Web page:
The ‘Welsh Mayweather’ has been a world champion since 2015 but hasn’t really kicked on since. His slick, defensive style isn’t for everyone and Selby has often struggled to translate his success in the ring, to recognition outside of it. He can consider himself unlucky to have dropped a place on this list, but he is still without a signature win that really defines him as a boxer. This time last year a supposed all British world title fight with Leeds’ Josh Warrington seemed unlikely. That same bout appears to be happening next and should give Selby a chance to showcase his skills to a wider audience. The winner of that one could also be in line to face the man at the top of our tree: Carl Frampton

6. George Groves (27-3) Super-Middleweight

It was fourth time lucky for ‘The Saint’, who eventually claimed a world title, stopping Fedor Chudinov in typically emphatic style. Groves, who has lost twice to Carl Froch and once to Badou Jack, is living proof that unbeaten records are overrated. There is no shame in losing to two such high calibre boxers and the closeness of his loss to Jack looks better with every success for the Swede. A domestic rivalry specialist, Groves takes on the controversial Chris Eubank Jr in the semi-final of the World Super Series of Boxing next month, in what promises to be a cracker.

7. Kal Yafai (23-0) Super-Flyweight

WBA titleholder Yafai is another who’s talent for outweighs his wider appeal. He is also another on this list who could potentially secure greatness, depending on his upcoming opponents. There are several truly world class boxers that Yafai could share the ring with and enhance his reputation as a result (win, lose or draw). If truth be told, I don’t think Eddie Hearn calling him the ‘best super-flyweight on the planet’ did too much for Yafai’s stock among ‘hardcore’ fans. It is a typically bullish, yet unfounded, claim from a promoter. Hearn’s theory can surely be put to the test with the potential opponents available, although it has been confirmed a clash with Roman ‘Chocalatito’ Gonzalez won’t be happening next. Shame.

8. Tony Bellew (29-2) Cruiser / Heavyweight

While his win over an injured David Haye will be forever controversial, Bellew is a former world champion who moved up in weight and defeated a much fancied opponent to upset the odds. On paper, his win over Haye is a fantastic achievement but the nature of it probably means that the result will do more for his bank balance than legacy. The rematch has been put back once already and the questionable condition of Haye means it isn’t certain to happen at all. Still, Bellew did everything that was asked of him this year and deserves his place on the list.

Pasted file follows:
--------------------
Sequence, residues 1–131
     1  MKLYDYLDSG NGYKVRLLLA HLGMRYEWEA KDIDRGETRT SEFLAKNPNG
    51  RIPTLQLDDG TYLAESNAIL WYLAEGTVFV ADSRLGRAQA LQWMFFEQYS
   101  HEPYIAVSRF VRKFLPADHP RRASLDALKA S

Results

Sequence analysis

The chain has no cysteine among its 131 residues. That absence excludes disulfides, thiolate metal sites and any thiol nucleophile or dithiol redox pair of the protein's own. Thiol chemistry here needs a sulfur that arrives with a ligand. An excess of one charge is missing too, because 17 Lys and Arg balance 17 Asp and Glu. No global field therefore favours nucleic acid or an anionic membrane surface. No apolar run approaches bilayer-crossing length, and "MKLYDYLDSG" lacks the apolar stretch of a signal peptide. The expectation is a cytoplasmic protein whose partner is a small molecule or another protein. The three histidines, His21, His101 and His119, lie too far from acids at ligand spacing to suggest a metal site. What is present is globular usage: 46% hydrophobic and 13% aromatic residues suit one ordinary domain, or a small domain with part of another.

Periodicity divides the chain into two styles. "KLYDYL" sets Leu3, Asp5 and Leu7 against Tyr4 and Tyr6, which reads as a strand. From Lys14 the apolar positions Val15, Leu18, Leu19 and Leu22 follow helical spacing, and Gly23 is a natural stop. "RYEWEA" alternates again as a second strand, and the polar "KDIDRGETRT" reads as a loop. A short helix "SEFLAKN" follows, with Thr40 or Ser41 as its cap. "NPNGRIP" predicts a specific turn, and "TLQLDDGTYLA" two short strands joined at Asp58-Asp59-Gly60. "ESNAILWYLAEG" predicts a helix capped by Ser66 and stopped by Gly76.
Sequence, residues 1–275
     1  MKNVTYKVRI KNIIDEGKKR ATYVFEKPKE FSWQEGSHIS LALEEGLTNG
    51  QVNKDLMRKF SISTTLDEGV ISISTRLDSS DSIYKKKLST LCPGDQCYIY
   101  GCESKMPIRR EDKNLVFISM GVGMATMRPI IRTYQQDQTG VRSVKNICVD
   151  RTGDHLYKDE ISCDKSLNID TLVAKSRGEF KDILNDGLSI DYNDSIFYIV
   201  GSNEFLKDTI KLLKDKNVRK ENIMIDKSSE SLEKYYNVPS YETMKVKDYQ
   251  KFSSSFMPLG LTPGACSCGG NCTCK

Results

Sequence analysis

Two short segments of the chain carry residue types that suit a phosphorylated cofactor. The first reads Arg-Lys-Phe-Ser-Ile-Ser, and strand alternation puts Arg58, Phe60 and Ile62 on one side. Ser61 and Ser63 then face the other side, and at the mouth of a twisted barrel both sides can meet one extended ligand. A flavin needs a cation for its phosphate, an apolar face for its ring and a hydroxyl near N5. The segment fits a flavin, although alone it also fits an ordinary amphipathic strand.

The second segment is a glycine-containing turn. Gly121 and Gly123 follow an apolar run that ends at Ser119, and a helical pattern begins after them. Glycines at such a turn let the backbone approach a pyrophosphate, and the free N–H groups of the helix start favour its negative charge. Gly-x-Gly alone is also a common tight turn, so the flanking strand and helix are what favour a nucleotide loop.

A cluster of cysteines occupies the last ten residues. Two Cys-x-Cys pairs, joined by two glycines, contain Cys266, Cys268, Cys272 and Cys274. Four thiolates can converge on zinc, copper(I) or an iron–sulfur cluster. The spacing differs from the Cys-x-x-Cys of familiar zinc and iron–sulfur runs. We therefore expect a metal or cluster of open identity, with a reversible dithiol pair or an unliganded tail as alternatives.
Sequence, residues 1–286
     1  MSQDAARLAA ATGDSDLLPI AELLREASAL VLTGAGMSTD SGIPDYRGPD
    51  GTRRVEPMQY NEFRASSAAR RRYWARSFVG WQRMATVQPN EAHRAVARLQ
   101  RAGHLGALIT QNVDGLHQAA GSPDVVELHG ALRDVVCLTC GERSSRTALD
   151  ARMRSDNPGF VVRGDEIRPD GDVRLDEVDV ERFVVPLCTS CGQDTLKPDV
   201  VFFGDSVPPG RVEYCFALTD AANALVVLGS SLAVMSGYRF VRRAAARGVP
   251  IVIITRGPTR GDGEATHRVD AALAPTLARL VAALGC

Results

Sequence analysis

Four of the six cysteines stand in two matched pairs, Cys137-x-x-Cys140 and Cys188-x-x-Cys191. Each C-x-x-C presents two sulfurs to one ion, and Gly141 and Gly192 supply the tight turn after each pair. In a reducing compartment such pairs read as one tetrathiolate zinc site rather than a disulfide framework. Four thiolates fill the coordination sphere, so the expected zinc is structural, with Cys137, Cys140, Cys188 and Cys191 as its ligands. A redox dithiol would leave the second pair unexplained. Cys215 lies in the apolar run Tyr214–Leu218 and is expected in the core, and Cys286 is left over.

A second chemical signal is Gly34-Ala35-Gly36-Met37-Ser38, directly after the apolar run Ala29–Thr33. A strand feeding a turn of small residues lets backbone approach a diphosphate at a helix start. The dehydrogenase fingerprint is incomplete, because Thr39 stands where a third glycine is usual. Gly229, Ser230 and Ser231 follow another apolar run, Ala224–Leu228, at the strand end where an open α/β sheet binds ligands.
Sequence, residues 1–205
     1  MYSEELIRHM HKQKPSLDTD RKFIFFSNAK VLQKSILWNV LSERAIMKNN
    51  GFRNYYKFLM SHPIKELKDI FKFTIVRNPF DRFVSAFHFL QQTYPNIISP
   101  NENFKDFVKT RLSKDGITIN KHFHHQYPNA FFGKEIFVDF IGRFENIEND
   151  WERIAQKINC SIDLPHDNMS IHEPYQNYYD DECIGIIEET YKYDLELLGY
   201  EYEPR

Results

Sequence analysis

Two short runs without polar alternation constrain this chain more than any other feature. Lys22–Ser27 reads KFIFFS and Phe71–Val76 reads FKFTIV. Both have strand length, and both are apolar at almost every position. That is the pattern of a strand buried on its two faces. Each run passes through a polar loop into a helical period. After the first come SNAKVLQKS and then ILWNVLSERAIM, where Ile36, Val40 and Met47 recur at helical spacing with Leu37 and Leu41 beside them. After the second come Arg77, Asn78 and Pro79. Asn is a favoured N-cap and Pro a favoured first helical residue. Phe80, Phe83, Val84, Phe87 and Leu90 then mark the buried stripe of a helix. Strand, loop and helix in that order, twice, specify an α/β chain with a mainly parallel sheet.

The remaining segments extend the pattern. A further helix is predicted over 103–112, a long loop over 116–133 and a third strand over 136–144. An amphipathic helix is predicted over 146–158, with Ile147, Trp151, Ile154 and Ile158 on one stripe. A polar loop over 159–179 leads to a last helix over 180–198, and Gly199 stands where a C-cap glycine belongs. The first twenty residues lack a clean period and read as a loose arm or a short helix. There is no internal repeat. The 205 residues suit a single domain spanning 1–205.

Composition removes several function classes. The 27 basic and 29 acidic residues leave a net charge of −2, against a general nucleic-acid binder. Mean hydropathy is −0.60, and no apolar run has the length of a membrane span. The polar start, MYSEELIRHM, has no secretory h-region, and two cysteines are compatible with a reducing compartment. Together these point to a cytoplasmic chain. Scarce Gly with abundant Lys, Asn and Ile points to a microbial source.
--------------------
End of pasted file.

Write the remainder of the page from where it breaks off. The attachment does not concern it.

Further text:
9. Jamie McDonnell (29-2-1) Bantamweight for now

2017 should have been the year that Jamie McDonnell got to put right a perceived wrong and get on with his business. Unfortunately for the Doncaster man, his victory over previous opponent (who most observers thought had won their first encounter) was hugely anticlimactic. McDonnell’s previous wins see him keep his place in the top 10 and should he gain a world title in a second weight class he could soon find himself back among the British elite.

10. James Degale (23-2) Super-Middleweight

A lot of consideration went into whether to include Degale here, following his shocking upset loss to the unheralded American, Caleb Truax. Injuries and inactivity have seemingly contributed to Degale’s downfall and there are many question marks over his future. His previous accomplishments shouldn’t be forgotten however. Since last year’s list was complied, Degale did manage a draw against world class Badou Jack and his other Stateside performances outrank anything the Honourable Mention boxers have achieved recently, or at all.

Honourable Mentions:

Kell Brook, Chris Eubank Jr, Terry Flanagan, Liam Smith, Josh Taylor, Anthony Crolla, Amir Khan, Callum Smith

This list is subjective.  Feel free to share where you agree and disagree in the comments section!


Updated – U.K Pound for Pound Rankings